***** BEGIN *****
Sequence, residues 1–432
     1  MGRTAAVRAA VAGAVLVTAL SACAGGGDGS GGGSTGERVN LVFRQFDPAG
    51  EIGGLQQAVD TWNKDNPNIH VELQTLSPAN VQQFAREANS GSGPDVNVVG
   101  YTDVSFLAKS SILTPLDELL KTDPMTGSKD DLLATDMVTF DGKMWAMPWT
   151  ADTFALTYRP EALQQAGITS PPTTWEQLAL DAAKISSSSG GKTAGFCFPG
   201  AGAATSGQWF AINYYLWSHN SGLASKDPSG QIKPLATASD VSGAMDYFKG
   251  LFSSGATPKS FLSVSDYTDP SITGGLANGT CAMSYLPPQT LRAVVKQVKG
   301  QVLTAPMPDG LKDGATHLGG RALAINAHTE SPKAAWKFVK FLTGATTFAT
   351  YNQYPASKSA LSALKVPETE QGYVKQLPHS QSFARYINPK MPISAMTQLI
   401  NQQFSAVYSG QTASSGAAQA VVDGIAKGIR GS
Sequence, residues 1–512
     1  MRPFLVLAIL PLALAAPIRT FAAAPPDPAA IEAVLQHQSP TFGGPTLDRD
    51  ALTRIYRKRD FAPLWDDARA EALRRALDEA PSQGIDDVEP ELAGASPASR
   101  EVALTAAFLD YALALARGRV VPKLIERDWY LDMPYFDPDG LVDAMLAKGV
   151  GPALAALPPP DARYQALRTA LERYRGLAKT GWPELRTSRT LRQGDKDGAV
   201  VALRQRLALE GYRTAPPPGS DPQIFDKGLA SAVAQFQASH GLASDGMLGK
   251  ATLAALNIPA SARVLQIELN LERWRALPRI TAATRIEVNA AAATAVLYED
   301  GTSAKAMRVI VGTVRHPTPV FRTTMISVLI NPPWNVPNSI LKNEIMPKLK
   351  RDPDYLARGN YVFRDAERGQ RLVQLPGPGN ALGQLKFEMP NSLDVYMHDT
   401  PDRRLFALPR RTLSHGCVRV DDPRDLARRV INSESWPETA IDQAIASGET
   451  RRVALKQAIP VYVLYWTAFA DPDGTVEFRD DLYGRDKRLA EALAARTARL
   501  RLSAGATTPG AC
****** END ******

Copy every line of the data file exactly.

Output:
Sequence, residues 1–432
     1  MGRTAAVRAA VAGAVLVTAL SACAGGGDGS GGGSTGERVN LVFRQFDPAG
    51  EIGGLQQAVD TWNKDNPNIH VELQTLSPAN VQQFAREANS GSGPDVNVVG
   101  YTDVSFLAKS SILTPLDELL KTDPMTGSKD DLLATDMVTF DGKMWAMPWT
   151  ADTFALTYRP EALQQAGITS PPTTWEQLAL DAAKISSSSG GKTAGFCFPG
   201  AGAATSGQWF AINYYLWSHN SGLASKDPSG QIKPLATASD VSGAMDYFKG
   251  LFSSGATPKS FLSVSDYTDP SITGGLANGT CAMSYLPPQT LRAVVKQVKG
   301  QVLTAPMPDG LKDGATHLGG RALAINAHTE SPKAAWKFVK FLTGATTFAT
   351  YNQYPASKSA LSALKVPETE QGYVKQLPHS QSFARYINPK MPISAMTQLI
   401  NQQFSAVYSG QTASSGAAQA VVDGIAKGIR GS
Sequence, residues 1–512
     1  MRPFLVLAIL PLALAAPIRT FAAAPPDPAA IEAVLQHQSP TFGGPTLDRD
    51  ALTRIYRKRD FAPLWDDARA EALRRALDEA PSQGIDDVEP ELAGASPASR
   101  EVALTAAFLD YALALARGRV VPKLIERDWY LDMPYFDPDG LVDAMLAKGV
   151  GPALAALPPP DARYQALRTA LERYRGLAKT GWPELRTSRT LRQGDKDGAV
   201  VALRQRLALE GYRTAPPPGS DPQIFDKGLA SAVAQFQASH GLASDGMLGK
   251  ATLAALNIPA SARVLQIELN LERWRALPRI TAATRIEVNA AAATAVLYED
   301  GTSAKAMRVI VGTVRHPTPV FRTTMISVLI NPPWNVPNSI LKNEIMPKLK
   351  RDPDYLARGN YVFRDAERGQ RLVQLPGPGN ALGQLKFEMP NSLDVYMHDT
   401  PDRRLFALPR RTLSHGCVRV DDPRDLARRV INSESWPETA IDQAIASGET
   451  RRVALKQAIP VYVLYWTAFA DPDGTVEFRD DLYGRDKRLA EALAARTARL
   501  RLSAGATTPG AC